Summary: Gideon (Inadvertenly) Makes An Idol

Almost a year has gone by since Tiger Woods admitted sharing a bed with women who were not his wife. Since then he’s lost his marriage, millions of dollars in endorsements, and his golf game has been off. What prompted Tiger to make such a gaffe? Let him tell you in his own words: “I knew my actions were wrong, but I convinced myself that normal rules didn’t apply…I felt that I had worked hard my entire life and deserved to enjoy all the temptations around me. I felt I was entitled.”

“Entitled.” You don’t have to be a superstar to feel that way; you just have to be human. We all think that we are deserving of more money, more respect, and more time to do what we want. The consequences of such an entitlement attitude, however, are devastating – not just to ourselves but to everyone around us. Just ask Tiger. Or ask Gideon. That’s what we’ll do this morning as we contemplate Gideon’s gaffe and find out how God’s warrior inadvertently made an idol.

I just called Gideon “God’s warrior” but do you remember what he was like when we first met him a few sermons ago? Gideon was more of a worrier as he didn’t think he was cut out to lead the Israelites in battle when God called him to do so. It took a few miracles to convince Gideon that God was really with him before he willingly led 300 soldiers against 135,000 Midianites. But once Gideon got going, he was all warrior. He pursued the enemy 300 km (an Edmonton-Calgary distance) until he caught up with the Midianite kings and put them to death himself. Gideon then punished the Israelite towns that had refused to feed his army when they had passed through in pursuit of the enemy. Having witnessed these warrior-like acts, Gideon’s followers wanted to make him king. After all hadn’t he just saved them from the Midianites? Well no, God had saved them. Had the Israelites forgotten how the opening attack took place without a single Israelite soldier holding a sword, spear, or even a knife? They had just made a little noise with their rams’ horns and voices, and shone a little light with their torches and God used that to throw the Midianites into confusion so that 22,000 of the enemy killed each other in a matter of minutes. Still, it must have been a temptation for Gideon to take credit for the victory, but he responded like this to the people’s plea to become their king: “I will not rule over you, nor will my son rule over you. The LORD will rule over you” (Judges 8:23).

Well said, Gideon! And Gideon and the Israelites lived happily ever after. Amen. Not quite. While Gideon did not want to be called “king” he sure acted like one. Before the Israelites dispersed, Gideon asked his soldiers to give him a share of their spoils – just a gold earring each. Like a king exacting tribute from his subjects, Gideon squeezed this treasure from his fellow countrymen even though he didn’t need it because God had blessed him with plenty of riches of his own as a result of the battle. With the gold, Gideon made an ephod, a breastplate normally worn by the high priest. It’s a curious thing for a soldier to make – like a four-star general today commissioning a gold replica of the gown his pastor wears. While we don’t know why Gideon made this ephod, we do know how he used it. Gideon set it up in his hometown like some sort of headless monument – perhaps to remind the Israelites of how he, God’s chosen warrior, had led them in battle against the Midianites and therefore was deserving of their honor. Even if Gideon’s motivation for making the ephod was innocent, the result was disastrous. The people treated the golden breastplate like some sort of idol, bowing down before it. Our text says that the ephod became a “snare” even to Gideon and his family.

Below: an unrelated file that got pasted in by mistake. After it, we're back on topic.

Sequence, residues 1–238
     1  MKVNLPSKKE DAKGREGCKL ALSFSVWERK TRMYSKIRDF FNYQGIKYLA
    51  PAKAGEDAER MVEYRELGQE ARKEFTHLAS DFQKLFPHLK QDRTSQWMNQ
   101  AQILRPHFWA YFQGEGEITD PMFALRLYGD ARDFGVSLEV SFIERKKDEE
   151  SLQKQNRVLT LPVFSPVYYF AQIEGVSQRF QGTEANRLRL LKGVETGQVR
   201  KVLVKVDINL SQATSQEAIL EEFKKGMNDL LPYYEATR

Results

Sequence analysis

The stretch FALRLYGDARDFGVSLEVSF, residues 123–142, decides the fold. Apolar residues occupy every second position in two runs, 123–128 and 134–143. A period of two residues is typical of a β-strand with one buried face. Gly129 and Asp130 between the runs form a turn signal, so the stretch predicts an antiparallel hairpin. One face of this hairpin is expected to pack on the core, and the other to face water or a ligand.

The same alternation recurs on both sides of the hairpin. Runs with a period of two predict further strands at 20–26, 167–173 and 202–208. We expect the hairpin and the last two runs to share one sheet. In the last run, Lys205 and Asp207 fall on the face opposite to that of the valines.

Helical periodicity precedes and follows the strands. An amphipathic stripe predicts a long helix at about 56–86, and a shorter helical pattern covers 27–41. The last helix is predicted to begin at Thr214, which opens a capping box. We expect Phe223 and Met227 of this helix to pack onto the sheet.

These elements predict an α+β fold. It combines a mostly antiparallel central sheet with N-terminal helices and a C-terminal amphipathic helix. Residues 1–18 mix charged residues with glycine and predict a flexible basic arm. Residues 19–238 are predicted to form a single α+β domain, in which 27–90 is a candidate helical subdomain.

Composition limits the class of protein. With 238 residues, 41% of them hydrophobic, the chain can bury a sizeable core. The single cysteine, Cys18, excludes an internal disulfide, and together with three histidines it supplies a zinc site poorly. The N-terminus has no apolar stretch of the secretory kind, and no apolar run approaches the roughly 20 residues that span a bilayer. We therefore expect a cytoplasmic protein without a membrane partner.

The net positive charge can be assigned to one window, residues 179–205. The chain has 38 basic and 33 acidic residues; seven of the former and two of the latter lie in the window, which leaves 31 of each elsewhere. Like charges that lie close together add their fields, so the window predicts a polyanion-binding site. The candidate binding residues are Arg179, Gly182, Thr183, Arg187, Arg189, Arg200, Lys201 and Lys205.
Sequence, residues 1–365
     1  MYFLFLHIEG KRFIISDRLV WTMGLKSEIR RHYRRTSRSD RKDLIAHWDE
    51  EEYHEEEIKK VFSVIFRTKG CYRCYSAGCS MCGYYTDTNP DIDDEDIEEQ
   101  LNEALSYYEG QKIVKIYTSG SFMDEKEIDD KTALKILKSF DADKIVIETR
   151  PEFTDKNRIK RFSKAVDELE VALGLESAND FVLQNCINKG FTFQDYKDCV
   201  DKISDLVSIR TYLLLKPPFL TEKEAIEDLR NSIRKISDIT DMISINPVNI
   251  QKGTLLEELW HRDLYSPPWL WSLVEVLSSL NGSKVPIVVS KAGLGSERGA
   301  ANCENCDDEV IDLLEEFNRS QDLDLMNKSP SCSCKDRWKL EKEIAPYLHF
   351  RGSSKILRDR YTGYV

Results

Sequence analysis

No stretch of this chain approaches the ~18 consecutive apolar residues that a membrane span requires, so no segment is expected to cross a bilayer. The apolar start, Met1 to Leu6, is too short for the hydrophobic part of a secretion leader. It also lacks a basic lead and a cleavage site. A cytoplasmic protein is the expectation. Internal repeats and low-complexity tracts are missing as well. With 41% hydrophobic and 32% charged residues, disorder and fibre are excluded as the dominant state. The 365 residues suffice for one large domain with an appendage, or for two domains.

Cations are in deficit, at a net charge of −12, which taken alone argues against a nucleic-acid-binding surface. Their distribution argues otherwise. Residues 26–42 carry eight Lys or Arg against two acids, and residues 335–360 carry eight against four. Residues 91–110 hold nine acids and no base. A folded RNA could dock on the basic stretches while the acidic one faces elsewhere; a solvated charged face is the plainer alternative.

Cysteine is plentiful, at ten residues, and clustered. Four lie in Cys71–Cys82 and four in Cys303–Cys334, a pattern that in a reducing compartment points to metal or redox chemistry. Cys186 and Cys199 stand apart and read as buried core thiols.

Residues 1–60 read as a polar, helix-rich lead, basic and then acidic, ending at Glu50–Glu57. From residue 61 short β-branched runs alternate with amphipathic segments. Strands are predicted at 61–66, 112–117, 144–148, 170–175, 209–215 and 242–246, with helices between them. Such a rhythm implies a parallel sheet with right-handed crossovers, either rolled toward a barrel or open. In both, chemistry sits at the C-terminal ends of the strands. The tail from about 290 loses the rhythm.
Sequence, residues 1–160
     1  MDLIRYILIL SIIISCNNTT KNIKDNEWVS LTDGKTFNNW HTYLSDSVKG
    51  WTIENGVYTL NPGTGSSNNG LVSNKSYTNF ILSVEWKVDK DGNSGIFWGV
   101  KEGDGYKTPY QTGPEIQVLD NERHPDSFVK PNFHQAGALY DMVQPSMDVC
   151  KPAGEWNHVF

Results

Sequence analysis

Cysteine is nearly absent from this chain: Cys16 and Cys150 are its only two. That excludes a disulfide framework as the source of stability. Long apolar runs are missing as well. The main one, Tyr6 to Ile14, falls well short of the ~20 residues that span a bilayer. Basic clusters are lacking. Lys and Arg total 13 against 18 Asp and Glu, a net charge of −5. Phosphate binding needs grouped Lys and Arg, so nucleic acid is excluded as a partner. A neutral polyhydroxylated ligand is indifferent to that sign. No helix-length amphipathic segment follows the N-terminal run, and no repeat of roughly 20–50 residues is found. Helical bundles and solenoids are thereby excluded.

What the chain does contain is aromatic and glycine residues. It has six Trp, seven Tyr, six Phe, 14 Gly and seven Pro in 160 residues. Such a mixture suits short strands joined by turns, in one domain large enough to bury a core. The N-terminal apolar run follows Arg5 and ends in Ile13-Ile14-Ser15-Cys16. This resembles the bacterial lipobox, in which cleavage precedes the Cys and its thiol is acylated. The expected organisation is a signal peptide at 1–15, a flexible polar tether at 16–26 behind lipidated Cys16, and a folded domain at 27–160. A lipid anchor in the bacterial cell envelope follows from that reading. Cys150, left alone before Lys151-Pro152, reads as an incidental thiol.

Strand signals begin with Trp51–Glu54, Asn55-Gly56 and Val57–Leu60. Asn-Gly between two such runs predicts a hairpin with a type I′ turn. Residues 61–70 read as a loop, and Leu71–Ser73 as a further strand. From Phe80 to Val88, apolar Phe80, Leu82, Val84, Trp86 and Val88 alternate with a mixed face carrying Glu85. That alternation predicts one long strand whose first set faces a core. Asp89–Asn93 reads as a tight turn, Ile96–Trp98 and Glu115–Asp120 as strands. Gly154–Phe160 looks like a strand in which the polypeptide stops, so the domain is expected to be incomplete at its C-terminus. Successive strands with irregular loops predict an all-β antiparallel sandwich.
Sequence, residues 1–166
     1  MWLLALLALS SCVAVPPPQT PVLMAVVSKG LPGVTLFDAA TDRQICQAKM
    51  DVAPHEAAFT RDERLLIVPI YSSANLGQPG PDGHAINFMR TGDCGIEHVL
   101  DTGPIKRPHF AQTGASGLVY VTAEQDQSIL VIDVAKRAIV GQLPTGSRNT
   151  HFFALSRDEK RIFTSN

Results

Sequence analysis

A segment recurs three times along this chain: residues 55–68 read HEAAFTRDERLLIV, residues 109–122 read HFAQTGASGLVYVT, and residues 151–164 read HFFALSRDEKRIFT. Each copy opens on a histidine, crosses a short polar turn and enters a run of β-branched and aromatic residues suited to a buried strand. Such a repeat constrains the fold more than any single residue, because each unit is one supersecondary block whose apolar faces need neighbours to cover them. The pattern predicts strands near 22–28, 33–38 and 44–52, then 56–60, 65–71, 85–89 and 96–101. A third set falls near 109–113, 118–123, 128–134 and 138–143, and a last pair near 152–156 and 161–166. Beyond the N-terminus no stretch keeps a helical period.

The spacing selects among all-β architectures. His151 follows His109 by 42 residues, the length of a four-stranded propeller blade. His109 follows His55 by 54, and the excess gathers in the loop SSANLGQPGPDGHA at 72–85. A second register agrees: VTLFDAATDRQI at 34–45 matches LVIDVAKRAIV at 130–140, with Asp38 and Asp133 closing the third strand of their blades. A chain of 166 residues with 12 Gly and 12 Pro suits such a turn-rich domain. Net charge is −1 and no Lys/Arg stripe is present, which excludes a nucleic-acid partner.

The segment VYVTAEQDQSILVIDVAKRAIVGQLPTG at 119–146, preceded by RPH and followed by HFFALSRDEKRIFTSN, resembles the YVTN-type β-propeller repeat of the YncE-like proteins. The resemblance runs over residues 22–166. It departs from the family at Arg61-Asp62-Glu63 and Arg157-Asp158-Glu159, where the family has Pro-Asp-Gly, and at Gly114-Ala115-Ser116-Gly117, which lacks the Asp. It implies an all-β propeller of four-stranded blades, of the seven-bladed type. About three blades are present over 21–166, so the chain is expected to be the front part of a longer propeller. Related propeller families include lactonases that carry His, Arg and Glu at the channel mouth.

And then there was the issue of all the wives Gideon took. Again he was acting like the kings of his day who thought they were entitled to this “pleasure” because they could afford it. And as if the multiple wives were not enough to satisfy him, Gideon also kept a concubine in a neighboring town. She gave birth to a son whom Gideon named “Abimelech.” Do you know what that name means? “My dad is king.” Sure, Gideon had said the right thing about becoming Israel’s king but his actions betrayed his true thoughts on the matter.

Oh that Gideon the warrior would have remained more of a worrier! Are you surprised to hear me say that after three sermons of chiding Gideon for being too much of a worrier? In the face of his promises God wants us to be bold. But when God blesses bold efforts, which have been motivated by his promises, we should not let the success go to our heads. Anything we accomplish is God’s doing. We are just the tools – and imperfect tools at that – like a computer that freezes up just as you’re about to print off reports for that important meeting, or a saw that snaps in two when you’re trying to trim trees. Had the following words of Solomon already been written in Gideon’s day he should have held on to them with all his might: “The fear of the LORD is the beginning of wisdom” (Proverbs 9:10a). No, God doesn’t want us to be afraid of him - that is unless we reject his word. He wants us to respect him and to acknowledge that without him we are nothing and can accomplish nothing. That’s what I meant when I said that Gideon the warrior should have remained a bit of a worrier who maintained a healthy respect for God’s honor.

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